Sorry, you need to enable JavaScript to visit this website.

Fitness Mapping with the Strava API and TomTom Maps

Fitness apps for runners, bikers, and hikers can collect useful information, including location data. In this example we'll take route data from Strava and plot it on a web page with TomTom Maps SDK for Web.

The TomTom location APIs and Maps SDKs make it easy to incorporate location and routing information using a sophisticated map, where we can layer more information if we’d like. This information can be incorporated into almost any app. When you combine the flexibility and ease of integration of TomTom technology with other data sources, you can do some interesting things. 

Strava is a popular service used by athletes to track running, biking, and other exercise. And the cool thing is, Strava provides an API that lets you use that workout information in your own apps. 

In this article, we’re going to combine the TomTom Maps SDK for Web with the data provided by the Strava APIs. You’ll need a (free) TomTom developer account and a (free) Strava account. 

Additionally, you should download the Strava app for your phone and go for a walk or a bike ride so you have at least one activity to work with. Using this activity, we’ll take route data and plot it using the TomTom SDK for Web. This will allow us to potentially use this activity information for even more purposes – giving a runner the ability to create a totally custom map visualization of their runs and include any information they would like, using advanced routing. 

Setting Up the App 

In this article, you’re mainly going to use JavaScript. I’m developing this on Windows, so some commands may vary for Mac and Linux systems, but overall shouldn’t be too different. 

For starters, let’s create a small Node.js back end. If you don’t have it yet, install Node.js and include npm (which is done by default). 

Create a folder somewhere on your computer, name it tomtomapp, and use the command prompt to browse to the folder. 

Now, use the npm init command to initialize npm, and keep all the defaults.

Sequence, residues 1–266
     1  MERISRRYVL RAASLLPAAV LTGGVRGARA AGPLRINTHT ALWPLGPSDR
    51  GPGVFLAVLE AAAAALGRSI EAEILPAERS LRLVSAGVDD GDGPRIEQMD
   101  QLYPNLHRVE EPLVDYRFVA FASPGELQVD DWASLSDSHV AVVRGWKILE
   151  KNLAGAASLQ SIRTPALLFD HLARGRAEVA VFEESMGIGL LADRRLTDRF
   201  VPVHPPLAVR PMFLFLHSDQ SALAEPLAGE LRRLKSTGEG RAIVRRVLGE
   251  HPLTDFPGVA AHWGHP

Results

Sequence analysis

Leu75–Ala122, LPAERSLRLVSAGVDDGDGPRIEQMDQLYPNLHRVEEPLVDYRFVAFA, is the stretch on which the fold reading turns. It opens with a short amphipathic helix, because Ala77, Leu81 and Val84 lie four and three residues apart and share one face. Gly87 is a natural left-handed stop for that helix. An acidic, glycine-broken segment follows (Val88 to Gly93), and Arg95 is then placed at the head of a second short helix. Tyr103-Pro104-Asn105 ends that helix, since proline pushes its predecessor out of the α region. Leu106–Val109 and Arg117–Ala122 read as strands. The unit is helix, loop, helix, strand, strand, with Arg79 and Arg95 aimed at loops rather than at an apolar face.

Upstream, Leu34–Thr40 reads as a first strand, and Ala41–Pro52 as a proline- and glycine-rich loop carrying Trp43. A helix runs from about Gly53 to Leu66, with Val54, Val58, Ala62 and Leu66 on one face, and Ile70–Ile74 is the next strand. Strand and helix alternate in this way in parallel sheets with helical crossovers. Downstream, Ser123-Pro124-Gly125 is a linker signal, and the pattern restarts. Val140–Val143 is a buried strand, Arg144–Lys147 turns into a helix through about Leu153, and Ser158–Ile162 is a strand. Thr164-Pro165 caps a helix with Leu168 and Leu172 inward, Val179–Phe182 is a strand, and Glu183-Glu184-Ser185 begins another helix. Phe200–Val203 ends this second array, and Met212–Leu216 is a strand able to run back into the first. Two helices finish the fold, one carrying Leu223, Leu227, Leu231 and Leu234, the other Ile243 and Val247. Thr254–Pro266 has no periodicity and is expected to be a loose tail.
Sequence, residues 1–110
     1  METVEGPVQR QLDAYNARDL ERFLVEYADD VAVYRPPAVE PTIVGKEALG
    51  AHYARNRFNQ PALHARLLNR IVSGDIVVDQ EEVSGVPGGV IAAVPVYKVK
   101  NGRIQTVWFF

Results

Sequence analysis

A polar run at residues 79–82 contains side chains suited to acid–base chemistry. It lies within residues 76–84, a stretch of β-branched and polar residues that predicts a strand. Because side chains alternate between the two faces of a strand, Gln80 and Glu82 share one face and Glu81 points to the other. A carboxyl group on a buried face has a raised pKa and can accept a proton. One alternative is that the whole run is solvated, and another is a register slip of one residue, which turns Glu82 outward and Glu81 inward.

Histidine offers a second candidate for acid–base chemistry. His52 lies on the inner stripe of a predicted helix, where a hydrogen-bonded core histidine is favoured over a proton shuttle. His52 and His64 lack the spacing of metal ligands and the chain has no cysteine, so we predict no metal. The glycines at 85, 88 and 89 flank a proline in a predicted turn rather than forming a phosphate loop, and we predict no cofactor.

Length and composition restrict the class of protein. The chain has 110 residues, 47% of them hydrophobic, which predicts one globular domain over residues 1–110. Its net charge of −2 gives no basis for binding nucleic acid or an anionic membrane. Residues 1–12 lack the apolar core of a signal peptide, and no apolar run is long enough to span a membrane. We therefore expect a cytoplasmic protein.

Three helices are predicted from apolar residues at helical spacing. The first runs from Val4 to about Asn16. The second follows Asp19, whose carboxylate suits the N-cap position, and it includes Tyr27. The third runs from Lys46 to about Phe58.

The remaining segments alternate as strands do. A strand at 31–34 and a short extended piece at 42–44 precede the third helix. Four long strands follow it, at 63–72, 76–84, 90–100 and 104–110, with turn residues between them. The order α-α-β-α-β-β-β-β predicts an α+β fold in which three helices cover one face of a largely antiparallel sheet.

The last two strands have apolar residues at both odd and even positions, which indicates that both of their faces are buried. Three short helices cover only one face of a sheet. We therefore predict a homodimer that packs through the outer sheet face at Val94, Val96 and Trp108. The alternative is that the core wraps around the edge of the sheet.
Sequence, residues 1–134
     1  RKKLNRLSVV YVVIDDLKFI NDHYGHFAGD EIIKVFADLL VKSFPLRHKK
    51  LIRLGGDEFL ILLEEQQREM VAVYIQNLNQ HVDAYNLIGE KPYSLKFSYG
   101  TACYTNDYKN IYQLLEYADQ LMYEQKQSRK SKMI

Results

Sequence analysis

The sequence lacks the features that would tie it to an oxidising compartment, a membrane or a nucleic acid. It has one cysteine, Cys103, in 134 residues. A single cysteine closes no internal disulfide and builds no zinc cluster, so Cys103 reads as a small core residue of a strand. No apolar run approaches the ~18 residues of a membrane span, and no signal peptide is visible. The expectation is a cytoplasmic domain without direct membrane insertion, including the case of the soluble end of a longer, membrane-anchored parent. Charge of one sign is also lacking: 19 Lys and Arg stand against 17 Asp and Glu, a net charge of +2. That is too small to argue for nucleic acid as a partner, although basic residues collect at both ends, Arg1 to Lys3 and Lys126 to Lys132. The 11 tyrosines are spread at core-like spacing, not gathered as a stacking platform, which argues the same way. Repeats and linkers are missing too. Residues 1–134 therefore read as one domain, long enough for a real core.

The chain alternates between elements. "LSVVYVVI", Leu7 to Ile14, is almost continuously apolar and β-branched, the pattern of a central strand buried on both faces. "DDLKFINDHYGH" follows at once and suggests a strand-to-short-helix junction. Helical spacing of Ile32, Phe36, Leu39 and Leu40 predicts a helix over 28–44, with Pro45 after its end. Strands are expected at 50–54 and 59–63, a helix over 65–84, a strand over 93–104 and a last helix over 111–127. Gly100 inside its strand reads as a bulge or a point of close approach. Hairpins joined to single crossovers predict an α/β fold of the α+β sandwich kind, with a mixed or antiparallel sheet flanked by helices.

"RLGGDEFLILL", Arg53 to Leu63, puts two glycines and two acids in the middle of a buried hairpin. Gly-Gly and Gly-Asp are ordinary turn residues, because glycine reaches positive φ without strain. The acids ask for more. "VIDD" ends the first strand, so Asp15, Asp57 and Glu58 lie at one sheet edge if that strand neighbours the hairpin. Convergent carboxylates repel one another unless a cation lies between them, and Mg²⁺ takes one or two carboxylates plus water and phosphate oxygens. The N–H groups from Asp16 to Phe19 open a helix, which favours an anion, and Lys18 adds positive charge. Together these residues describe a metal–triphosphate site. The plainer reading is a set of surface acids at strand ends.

Next, install Express by using the command: 

npm install express -s 

In your folder, create a file and name it index.js. Add the following code to it: 

var express = require('express'); 

var app = express(); 

app.get('/map', function(req, res) { 

    res.send('This is the map page!'); 

}); 

var server = app.listen(80, '127.0.0.1'); 

Next, go back to your command prompt and install nodemon using the command:  

npm install nodemon -g   

Once it’s installed, run it by typing nodemon. This will start your Node.js app. Nodemon will watch your files and automatically restart when you change them. Now, browse to localhost/map to see if your app works. If it does, you should see “This is the homepage!” 

Add the TomTom Maps SDK 

Now, create a map.html page. You can copy-paste your first version from the TomTom tutorials, but I’ll repeat it here: 

<!DOCTYPE html> 

<html class='use-all-space'> 

<head> 

    <meta http-equiv='X-UA-Compatible' content='IE=Edge' /> 

    <meta charset='UTF-8'> 

    <title>My Map</title> 

    <meta name='viewport' 

           content='width=device-width,initial-scale=1,maximum-scale=1,user-scalable=no'/> 

    <link rel='stylesheet' type='text/css' href='https://api.tomtom.com/maps-sdk-for-web/cdn/5.x/5.49.1/maps/maps.css'/> 

    <style> 

       #map { 

           width: 100vw; 

           height: 100vh; 

       } 

    </style> 

</head> 

<body> 

    <div id='map' class='map'></div> 

    <script src='https://api.tomtom.com/maps-sdk-for-web/cdn/5.x/5.49.1/maps/maps-web.min.js'></script> 

    <script> 

        const tomtomKey = '<YOUR KEY>'; 

        // Initialize the map. 

        tt.setProductInfo('TomTom App', '1.0.0.0'); 

        const map = tt.map({ 

            key: tomtomKey, 

            container: 'map', 

            style: 'tomtom://vector/1/basic-main' 

        }); 

    </script> 

</body> 

</html> 

There are a few things to note here. You can find the different versions of the API on the TomTom Maps SDK for Web downloads page. TomTom recommends linking to the CDN hosted version, as we're doing here. The example uses version 5.49.1.  

You should replace <YOUR KEY> with, well, your key. If you created an account on TomTom, you should find your key on your dashboard where you get an initial key, named My First API Key